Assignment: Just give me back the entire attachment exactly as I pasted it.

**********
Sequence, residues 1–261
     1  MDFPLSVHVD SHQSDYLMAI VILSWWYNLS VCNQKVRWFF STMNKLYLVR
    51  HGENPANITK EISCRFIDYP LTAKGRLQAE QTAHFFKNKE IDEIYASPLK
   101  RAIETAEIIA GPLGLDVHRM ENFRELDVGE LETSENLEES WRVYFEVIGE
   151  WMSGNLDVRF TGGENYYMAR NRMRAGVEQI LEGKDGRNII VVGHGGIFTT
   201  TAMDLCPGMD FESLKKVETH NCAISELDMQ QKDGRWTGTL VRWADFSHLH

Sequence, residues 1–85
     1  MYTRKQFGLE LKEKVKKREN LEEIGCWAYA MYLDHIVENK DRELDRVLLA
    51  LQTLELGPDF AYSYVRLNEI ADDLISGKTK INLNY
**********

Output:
Sequence, residues 1–261
     1  MDFPLSVHVD SHQSDYLMAI VILSWWYNLS VCNQKVRWFF STMNKLYLVR
    51  HGENPANITK EISCRFIDYP LTAKGRLQAE QTAHFFKNKE IDEIYASPLK
   101  RAIETAEIIA GPLGLDVHRM ENFRELDVGE LETSENLEES WRVYFEVIGE
   151  WMSGNLDVRF TGGENYYMAR NRMRAGVEQI LEGKDGRNII VVGHGGIFTT
   201  TAMDLCPGMD FESLKKVETH NCAISELDMQ QKDGRWTGTL VRWADFSHLH

Sequence, residues 1–85
     1  MYTRKQFGLE LKEKVKKREN LEEIGCWAYA MYLDHIVENK DRELDRVLLA
    51  LQTLELGPDF AYSYVRLNEI ADDLISGKTK INLNY